“Everyone asks if my Nickelodeon blimp is for sale like, ‘Oh, how much would you sell it for?’ Wagner says. “I wouldn’t [sell it] because it’s from an era when money wasn’t important. It’s a metaphor for an [era] when things were a little bit easier, when everything wasn’t so serious.” Wagner refuses to let go of the blimp because, in a way, it would signify letting go of the ’90s.
In the new millennium, the world has become more confusing and dangerous; much less certain and hopeful. The ’90s and aughts represent two major extremes, and we as a society (with people like Wagner at the forefront) are bridging that gap as best we can. There’s a yearning for a time that’s not just simpler, but more comfortable, and that’s reflected in our fashion trends. The last decade has been important for the growth of the American soul. We’ve brought light to the shadowy corners of the unknown and are doing some excruciating work to make it brighter. But in the pursuit of hope, we need our armor. For many of us, that comes in the form of fashion and style.
By bringing ’90s style back into vogue, we’re also (subconsciously) trying to recapture the energy from the time period as well. We’ve created an enormous mood board, donning our hopes and dreams in denim and jerseys; creating an environment of nostalgia. It’s beautiful in a sense and is, therefore, everything that fashion is supposed to be. Fashion is aspirational: It represents what we want our perfect selves and a perfect world to look like.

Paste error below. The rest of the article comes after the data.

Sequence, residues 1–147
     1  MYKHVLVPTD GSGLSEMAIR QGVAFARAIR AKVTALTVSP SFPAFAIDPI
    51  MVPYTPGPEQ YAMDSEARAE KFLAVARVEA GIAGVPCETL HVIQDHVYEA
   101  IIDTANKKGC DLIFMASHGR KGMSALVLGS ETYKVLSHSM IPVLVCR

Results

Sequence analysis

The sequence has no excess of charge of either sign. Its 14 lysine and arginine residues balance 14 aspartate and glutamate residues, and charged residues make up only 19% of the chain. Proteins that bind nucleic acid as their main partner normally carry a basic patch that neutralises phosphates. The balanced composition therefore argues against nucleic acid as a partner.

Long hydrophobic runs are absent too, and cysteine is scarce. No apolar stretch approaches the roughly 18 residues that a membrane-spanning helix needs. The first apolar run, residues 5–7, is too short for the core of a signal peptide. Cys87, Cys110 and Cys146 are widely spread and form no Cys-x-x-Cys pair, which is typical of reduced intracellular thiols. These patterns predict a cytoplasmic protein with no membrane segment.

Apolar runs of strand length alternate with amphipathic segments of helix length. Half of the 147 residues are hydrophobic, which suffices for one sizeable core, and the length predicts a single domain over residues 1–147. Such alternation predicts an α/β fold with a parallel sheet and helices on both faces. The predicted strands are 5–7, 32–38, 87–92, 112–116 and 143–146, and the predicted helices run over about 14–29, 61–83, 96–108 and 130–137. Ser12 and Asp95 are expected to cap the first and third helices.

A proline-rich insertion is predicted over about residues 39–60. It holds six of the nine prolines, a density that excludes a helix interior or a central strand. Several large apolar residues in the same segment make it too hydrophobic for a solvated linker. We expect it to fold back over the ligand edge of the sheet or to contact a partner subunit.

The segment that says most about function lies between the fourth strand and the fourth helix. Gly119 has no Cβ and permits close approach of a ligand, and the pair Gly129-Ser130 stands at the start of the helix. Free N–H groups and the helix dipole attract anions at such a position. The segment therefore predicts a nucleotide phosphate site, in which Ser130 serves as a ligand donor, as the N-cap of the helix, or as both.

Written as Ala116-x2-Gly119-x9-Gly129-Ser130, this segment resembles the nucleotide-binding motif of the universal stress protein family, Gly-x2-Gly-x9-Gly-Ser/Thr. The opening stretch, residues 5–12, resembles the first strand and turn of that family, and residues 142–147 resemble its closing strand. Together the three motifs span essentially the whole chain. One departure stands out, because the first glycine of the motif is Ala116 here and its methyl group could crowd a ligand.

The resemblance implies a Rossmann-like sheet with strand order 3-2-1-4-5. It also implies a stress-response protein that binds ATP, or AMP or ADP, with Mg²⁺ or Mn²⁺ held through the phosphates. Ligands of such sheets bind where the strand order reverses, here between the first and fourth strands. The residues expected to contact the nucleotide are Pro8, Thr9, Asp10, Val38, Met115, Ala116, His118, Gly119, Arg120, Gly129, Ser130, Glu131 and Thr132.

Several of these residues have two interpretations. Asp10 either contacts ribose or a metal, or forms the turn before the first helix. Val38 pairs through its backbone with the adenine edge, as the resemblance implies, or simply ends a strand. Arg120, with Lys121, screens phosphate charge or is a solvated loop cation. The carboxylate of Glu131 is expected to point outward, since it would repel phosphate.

That being said, our calling back to the ’90s is almost a visceral aspirationalism. We’re reiterating what was cool when people first realized that anything could be cool. That’s why you’ll see an infusion of ’90s style in brands like Fear of God. Millennials are now influencing fashion as more than just consumers. They’re the designers too, and as designers, they’re beginning to transfer style trends to the next generation—a generation that remembers what it was like to have more hope than fear.
At a time of uncertainty mixed so richly with trepidation, we remember the days when Tupac and Biggie were kings of the rap game; when afternoons at Central Perk and The Fresh Prince of Bel-Air set the standard for our domestic relationships, and in the process, allowed us to forget the fears of our international ones; when our primary concern was if the Tomagatchi was well fed.
Reminiscing skips the time in between, calling the space together. It’s a blend of time travel and revisionist history built into a Stone Cold Steve Austin memorabilia tee. It’s new, for sale, and you can purchase it using PayPal.